Empowering women to run urban farms and gardens can make a huge difference in the lives of these women and their communities. The West Sacramento Urban Farm Program is one such place.8 They train new farmers at their urban farm lots in the middle of the city.

Imagine empowering inner-city women and girls by teaching them how to grow their own food at a local community garden. They’ll learn valuable skills and gain more independence. And they’ll be less likely to worry about where their next meal is coming from.

Plus it means that they won’t have to go far to get healthy food for themselves and their families. This reduces some of the main barriers to food security for urban residents which are transportation and distance.

So let’s update that famous proverb to: “Give a woman some food and she can eat for a day. But teach a woman how to garden and you feed her for a lifetime.”

Empowering females to have control over their own food supply is a practical way to reduce gender’s influence on food security.

Using Mobile Farmers’ Markets to Support Women

a variety of colourful vegetables on display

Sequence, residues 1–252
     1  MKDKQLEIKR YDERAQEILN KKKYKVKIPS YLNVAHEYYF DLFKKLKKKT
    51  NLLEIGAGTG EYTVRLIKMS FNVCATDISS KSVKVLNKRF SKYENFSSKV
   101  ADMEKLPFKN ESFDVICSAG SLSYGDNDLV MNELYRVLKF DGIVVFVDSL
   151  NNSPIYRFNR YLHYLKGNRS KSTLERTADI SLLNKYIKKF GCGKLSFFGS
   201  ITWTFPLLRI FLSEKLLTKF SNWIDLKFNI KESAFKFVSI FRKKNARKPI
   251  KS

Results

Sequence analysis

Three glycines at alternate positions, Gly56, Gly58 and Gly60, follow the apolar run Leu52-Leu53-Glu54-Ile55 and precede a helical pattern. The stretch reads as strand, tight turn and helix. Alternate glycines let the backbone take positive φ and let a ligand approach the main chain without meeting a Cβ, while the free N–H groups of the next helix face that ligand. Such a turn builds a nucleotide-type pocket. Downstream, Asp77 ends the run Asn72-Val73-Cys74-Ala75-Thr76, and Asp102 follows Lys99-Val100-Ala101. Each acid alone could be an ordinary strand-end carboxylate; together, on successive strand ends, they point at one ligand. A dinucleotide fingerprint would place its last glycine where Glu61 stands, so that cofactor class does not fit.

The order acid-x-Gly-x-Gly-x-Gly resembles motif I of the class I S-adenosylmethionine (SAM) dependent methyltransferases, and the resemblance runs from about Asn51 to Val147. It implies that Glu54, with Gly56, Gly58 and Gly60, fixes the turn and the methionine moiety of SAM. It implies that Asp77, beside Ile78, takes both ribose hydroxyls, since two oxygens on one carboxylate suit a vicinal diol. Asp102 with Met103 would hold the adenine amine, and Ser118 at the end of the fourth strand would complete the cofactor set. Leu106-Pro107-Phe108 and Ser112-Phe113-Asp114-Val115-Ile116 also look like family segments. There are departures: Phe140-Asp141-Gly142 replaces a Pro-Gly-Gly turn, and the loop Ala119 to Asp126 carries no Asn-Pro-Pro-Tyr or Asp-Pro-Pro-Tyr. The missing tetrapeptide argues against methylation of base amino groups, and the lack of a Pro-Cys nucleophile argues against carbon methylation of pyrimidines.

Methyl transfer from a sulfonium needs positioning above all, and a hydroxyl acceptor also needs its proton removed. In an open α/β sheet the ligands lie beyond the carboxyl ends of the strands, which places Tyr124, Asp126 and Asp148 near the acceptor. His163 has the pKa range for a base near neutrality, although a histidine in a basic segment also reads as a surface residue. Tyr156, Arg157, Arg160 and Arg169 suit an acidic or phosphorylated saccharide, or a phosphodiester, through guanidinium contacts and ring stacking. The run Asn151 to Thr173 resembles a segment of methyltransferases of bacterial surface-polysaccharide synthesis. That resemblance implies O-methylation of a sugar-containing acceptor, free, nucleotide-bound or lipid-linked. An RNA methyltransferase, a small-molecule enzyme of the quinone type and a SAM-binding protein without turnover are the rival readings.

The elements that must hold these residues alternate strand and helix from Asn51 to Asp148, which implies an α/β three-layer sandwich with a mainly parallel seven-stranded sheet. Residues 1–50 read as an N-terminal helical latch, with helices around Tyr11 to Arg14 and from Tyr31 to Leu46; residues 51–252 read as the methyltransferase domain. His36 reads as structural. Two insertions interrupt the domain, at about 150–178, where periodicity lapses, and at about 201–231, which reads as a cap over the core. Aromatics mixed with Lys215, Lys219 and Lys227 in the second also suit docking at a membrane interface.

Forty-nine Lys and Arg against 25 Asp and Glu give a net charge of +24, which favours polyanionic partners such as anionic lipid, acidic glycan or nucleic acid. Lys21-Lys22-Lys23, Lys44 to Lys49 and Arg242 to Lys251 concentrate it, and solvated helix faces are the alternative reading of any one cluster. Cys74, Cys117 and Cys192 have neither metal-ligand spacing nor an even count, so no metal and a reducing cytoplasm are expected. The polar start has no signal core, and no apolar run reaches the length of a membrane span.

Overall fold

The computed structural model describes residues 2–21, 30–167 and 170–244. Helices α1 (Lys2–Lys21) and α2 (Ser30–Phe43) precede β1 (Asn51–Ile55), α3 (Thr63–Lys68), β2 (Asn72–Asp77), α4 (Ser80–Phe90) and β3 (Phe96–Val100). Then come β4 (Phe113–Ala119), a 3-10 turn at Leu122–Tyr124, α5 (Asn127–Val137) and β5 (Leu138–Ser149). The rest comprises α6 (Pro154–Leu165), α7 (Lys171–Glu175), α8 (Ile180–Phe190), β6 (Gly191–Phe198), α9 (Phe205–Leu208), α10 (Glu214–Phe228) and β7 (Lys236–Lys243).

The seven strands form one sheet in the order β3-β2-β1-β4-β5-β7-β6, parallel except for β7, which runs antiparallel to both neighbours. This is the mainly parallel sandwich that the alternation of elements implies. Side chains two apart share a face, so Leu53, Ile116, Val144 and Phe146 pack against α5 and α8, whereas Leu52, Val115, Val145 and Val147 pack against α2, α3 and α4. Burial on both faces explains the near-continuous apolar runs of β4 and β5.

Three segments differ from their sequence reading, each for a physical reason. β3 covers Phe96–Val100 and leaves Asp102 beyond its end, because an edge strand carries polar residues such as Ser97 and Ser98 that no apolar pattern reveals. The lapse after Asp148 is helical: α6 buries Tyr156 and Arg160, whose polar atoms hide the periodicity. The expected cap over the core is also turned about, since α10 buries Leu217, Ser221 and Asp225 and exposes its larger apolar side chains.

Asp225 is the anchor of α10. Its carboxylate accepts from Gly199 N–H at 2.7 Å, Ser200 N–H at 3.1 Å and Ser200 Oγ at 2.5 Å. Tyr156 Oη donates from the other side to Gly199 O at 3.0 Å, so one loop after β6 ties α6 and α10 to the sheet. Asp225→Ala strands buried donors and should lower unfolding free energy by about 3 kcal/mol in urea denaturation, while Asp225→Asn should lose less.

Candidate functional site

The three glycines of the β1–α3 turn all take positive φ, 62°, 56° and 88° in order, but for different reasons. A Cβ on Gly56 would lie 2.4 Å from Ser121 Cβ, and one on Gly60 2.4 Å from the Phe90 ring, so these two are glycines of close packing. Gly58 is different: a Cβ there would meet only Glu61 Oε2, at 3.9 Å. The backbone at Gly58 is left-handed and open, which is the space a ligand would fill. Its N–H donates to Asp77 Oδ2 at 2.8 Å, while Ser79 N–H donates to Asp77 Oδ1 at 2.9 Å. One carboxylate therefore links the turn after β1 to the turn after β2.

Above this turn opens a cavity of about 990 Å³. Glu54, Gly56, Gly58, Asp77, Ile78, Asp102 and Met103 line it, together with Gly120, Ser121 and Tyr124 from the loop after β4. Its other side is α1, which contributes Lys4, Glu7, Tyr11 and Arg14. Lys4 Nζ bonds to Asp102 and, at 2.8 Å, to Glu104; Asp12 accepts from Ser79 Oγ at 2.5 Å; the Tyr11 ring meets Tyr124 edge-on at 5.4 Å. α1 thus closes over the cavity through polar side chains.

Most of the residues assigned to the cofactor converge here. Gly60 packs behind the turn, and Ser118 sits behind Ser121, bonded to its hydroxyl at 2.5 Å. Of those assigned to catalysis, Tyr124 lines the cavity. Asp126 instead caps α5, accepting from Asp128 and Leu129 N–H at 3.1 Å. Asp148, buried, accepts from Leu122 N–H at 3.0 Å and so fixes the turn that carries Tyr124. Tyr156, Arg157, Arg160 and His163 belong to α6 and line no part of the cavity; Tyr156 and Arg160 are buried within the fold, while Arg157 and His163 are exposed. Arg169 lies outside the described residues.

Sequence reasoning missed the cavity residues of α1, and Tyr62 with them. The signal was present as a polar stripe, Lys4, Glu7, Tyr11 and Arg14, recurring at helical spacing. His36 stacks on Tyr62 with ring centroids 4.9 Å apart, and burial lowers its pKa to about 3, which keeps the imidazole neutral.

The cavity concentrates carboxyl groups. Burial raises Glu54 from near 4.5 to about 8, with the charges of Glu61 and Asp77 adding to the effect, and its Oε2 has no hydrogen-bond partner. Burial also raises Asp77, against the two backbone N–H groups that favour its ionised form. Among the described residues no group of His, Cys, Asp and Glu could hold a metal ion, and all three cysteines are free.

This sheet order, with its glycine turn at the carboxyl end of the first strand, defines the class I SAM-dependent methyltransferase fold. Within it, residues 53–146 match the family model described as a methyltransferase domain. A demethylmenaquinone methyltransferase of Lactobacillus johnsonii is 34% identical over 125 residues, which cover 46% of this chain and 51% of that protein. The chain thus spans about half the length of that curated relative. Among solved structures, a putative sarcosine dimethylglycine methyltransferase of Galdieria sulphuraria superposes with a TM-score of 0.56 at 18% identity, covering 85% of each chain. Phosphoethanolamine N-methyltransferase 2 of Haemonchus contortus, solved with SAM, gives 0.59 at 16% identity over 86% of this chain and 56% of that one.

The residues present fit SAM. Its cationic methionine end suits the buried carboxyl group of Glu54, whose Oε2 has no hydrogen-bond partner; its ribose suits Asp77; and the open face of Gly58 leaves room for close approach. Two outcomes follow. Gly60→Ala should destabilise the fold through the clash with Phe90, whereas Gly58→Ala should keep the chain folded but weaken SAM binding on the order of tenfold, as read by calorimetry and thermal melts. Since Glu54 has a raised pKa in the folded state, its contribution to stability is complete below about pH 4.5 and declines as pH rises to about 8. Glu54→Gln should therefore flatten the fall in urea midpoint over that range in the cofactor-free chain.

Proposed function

Mobile farmers’ markets offer other creative ways to reduce the gender gap when it comes to food security in your community. They’re not just a great tool for food banks, they’re also great for all kinds of other community organizations.

Any organization that is passionate about increasing community food access can benefit from operating a mobile farmers’ market. They often share the same mission and vision as urban farms and community gardens. And even with organizations that support and train local farmers.

Mobile markets offer residents fresh produce and locally-made products (think women-owned businesses and farms!) in places where other food retailers don’t.

Food security organizations can use their mobile markets to host farmers’ markets in places where disadvantaged women might frequent.